How To Create A Gif For An Email Newsletter

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The gif! It’s one of the best inventions of the internet-meme era. Gifs are a short animation that uses photo and video to create an image that goes through several frames in just a couple seconds. Remember when images were just plain old photos? Now they move! It seems pretty magical.

Gifs are incredibly effective for businesses because they breathe new life into visual campaigns. Halfway between a photo and a video, a gif is a great way to get a message across. You can use them to react to your customers who post on social media, or as part of your marketing campaigns. This post goes over effective strategies for using gifs, and how to make and upload one into a MailChimp email.

Why are gifs effective?

People love gifs for a few reasons. They’re more visually engaging than a photograph, take less space and time than a video, and can be used to tell different kinds of stories. Here are a few ways companies are using gifs to get a point across in an email.

Make your announcements more engaging

BONOBOS uses the traditional announcement format in their email, with simple block letters that just say NEW. But they’ve added coloured patterns in the back (presumably some of which are featured in their new line). This simple movement makes the viewer want to watch all the way through for several seconds, giving them time to consider going to BONOBOS’ website rather than deleting the email right away.

P.S., notice the little pointer that pops up at the bottom? That’s a subtle symbol showing the viewer that they can click on the gif and get to their newly-announced collection.

National Express made a gif that does the same thing. Before it was a simple but strong image that made their current deal clear. The fact that they’ve turned it into a gif, with the “Now” sign flashing, makes the viewer realise that the sale is very current (and therefore probably won’t be available later on).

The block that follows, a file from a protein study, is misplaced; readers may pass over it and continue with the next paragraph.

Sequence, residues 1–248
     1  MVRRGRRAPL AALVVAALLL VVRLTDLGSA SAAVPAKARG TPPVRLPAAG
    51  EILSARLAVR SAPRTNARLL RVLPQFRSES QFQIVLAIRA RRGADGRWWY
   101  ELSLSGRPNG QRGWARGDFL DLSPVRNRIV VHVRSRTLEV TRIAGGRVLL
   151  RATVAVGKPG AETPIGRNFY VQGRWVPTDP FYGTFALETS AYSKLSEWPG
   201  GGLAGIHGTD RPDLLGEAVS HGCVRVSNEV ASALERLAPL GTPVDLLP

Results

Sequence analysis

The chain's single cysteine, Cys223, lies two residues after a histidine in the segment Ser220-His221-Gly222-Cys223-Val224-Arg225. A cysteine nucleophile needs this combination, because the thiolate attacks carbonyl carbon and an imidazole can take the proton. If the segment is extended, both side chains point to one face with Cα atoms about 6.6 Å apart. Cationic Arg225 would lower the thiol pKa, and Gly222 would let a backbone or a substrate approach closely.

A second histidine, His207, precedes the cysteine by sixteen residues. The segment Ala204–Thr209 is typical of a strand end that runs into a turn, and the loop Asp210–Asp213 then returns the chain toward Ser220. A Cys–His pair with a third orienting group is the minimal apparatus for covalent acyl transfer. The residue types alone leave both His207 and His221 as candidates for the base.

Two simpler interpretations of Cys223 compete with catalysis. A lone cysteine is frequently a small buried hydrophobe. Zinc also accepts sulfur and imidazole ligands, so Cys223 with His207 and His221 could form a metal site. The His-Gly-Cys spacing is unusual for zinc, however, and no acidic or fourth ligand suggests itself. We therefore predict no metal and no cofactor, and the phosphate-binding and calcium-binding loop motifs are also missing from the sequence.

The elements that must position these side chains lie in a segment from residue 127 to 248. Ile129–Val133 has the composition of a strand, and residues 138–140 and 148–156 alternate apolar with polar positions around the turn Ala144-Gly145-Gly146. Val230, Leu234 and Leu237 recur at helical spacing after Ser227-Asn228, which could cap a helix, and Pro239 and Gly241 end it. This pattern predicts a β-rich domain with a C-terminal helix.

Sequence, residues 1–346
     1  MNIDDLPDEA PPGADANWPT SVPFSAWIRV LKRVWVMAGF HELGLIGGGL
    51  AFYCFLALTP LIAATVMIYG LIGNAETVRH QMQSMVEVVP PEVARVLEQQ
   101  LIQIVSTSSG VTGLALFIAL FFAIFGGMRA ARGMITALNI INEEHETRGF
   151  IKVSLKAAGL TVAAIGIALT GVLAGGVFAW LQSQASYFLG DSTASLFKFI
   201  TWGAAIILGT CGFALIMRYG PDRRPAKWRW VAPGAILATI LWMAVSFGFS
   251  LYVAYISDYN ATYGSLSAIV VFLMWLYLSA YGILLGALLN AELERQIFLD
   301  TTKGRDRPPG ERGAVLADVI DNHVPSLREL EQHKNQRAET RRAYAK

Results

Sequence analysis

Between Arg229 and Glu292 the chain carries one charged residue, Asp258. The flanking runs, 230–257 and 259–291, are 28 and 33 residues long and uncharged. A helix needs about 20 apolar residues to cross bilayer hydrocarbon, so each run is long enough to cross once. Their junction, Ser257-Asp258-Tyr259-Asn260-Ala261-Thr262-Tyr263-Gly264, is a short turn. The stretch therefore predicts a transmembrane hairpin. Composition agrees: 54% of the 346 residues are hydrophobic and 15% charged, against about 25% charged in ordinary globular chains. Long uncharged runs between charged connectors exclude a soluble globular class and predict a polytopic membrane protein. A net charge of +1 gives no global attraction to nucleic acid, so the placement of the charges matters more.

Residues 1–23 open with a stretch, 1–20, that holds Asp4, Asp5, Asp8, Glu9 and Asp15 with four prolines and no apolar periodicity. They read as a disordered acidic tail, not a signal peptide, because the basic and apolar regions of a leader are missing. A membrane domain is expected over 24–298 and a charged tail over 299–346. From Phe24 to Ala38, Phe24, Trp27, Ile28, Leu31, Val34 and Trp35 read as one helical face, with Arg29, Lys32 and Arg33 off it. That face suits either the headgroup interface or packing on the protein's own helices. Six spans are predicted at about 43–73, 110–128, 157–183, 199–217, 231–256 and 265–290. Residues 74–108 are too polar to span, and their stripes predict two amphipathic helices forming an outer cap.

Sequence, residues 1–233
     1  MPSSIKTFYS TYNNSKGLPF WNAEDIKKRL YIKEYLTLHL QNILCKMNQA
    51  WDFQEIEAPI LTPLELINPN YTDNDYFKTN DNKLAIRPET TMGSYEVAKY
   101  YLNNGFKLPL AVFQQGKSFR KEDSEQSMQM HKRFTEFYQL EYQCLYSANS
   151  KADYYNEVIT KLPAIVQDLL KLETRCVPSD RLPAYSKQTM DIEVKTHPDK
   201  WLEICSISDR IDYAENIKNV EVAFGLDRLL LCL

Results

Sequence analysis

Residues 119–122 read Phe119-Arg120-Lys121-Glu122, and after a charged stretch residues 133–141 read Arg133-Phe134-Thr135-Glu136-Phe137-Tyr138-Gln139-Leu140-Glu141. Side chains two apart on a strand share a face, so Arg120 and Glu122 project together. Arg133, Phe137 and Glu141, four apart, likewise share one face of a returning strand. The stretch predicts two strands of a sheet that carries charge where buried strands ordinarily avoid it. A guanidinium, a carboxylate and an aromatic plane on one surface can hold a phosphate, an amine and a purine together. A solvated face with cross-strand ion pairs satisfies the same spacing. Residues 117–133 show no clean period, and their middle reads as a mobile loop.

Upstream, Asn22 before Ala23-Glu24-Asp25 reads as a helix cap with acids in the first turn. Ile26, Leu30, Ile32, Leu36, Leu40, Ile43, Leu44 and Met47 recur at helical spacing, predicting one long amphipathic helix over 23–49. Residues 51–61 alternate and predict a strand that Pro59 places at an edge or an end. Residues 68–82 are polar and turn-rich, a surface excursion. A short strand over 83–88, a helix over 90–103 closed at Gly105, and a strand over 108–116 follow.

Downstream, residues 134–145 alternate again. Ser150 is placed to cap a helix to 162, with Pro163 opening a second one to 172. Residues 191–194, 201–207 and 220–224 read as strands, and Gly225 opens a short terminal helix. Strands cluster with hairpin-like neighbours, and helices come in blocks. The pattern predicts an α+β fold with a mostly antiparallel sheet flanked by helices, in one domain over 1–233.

Display a lot of information at once

Pass-Port sent us an email that was almost all just this one gif. But that’s fine, because it says a ton but manages to keep it simple. They’ve simply put what seems like their whole collection in one gif, moving in rapid succession from one frame to the next. Not only does it show a whole lot more product photos than they would have been able to in another format, it almost replicates the feeling of being in a club or other fast-moving and fun environment. Showing off products? Check. Branding? Check. All in one gif.

Kate Spade has a similar concept. They’ve announced a new product line, but use a gif to show all the variations instead of just choosing one. This is a great tactic because they can catch the attention of a lot of their fans without having to know each one’s favourite colour. If they had just sent out a photo of the black one, which may be their best selling one, anyone who is really bored by neutral colours would look at it and be uninterested. If they only put the bright pink bag, it’s likely that they’d turn off quite a few of their customers. Instead, they have put three colours that all appeal to different shoppers.

Show, don’t tell